Construction of fortified towns among the Floridians.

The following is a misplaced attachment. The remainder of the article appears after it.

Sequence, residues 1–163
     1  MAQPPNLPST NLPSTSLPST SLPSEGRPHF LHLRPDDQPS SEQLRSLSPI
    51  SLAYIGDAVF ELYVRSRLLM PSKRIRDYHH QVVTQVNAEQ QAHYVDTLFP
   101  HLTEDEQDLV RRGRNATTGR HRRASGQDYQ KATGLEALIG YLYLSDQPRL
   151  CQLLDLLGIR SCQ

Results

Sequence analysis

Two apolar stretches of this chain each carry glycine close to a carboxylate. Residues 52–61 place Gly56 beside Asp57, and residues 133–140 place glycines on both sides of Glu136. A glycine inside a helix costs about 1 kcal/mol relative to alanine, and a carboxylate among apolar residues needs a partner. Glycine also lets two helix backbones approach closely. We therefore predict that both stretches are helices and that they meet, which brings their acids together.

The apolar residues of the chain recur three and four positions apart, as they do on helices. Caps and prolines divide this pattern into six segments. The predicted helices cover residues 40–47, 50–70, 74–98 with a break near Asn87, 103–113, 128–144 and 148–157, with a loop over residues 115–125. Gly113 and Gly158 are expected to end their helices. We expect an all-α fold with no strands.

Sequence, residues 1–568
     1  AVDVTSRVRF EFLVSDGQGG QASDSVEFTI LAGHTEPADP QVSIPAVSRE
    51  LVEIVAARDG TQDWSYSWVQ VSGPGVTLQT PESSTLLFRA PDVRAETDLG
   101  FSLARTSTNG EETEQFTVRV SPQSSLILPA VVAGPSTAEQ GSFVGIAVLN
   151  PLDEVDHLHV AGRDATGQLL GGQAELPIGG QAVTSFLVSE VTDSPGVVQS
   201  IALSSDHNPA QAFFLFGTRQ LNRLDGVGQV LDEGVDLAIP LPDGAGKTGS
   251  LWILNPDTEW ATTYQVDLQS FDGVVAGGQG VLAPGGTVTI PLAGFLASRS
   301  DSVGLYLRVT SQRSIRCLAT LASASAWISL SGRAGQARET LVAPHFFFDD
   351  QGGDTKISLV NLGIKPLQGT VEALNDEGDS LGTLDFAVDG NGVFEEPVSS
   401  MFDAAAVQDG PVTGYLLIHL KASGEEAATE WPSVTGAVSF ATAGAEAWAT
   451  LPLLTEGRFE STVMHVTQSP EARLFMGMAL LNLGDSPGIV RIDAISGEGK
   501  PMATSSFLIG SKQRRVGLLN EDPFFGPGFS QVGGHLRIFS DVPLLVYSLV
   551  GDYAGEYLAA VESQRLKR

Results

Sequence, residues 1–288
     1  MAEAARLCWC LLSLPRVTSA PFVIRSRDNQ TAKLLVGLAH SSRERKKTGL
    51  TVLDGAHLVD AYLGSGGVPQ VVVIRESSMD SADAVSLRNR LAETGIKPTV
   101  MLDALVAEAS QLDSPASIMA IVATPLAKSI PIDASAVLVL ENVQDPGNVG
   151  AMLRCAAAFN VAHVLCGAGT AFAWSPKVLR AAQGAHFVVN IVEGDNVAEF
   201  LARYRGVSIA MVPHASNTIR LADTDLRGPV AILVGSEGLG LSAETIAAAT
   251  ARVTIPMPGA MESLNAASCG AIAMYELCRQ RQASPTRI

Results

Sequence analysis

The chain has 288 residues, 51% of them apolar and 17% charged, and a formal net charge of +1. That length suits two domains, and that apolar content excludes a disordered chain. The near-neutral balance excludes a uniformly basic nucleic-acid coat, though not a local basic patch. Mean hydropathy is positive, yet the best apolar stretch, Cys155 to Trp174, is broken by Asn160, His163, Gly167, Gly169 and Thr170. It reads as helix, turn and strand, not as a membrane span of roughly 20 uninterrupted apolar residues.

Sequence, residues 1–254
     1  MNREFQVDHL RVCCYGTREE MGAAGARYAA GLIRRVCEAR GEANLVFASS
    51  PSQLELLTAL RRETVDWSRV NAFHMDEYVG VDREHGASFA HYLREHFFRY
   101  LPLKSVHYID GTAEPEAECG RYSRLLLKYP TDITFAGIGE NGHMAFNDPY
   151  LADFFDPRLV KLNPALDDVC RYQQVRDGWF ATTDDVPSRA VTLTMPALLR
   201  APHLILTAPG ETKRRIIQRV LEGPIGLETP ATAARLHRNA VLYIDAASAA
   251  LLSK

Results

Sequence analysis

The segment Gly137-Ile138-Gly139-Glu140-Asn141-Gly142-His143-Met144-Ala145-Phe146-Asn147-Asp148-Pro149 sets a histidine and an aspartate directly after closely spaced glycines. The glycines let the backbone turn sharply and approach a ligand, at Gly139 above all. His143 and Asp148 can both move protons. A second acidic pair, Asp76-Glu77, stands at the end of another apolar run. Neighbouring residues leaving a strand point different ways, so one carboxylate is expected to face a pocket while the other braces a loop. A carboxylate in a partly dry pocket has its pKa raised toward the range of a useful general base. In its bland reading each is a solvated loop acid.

The Indians are accustomed to build their fortified towns as follows : A position is selected near the channel of some swift stream. They level it as even as possible, and then dig a ditch in a circle around the site, in which they set thick round pales, close together, to twice the height of a man ; and they carry this paling some ways past the beginning of it, spiral-wise, to make a narrow entrance admitting not more than two persons abreast. The course of the stream is also diverted to this entrance ; and at each end of it they are accustomed to erect a small round building, each full of cracks and holes, and built, considering their means, with much elegance. In these they station as sentinels men who can smell the traces of an enemy at a great distance, and who, as soon as they perceive such traces, set off to discover them. As soon as they find them, they set up a cry which summons those within the town to the defence, armed with bows and arrows and clubs. The chiefs dwelling stands in the middle of the town, and is partly underground, in consequence of the sun’s heat. Around this are the houses of the principal men, all lightly roofed with palm-branches, as they are occupied only nine months in the year ; the other three, as has been related, being spent in the woods. When they come back, they occupy their houses again ; and, if they find that the enemy has burnt them down, they build others of similar materials. Thus magnificent are the palaces of the Indians.” Narrative of Le Moyne, Jacques Le Moyne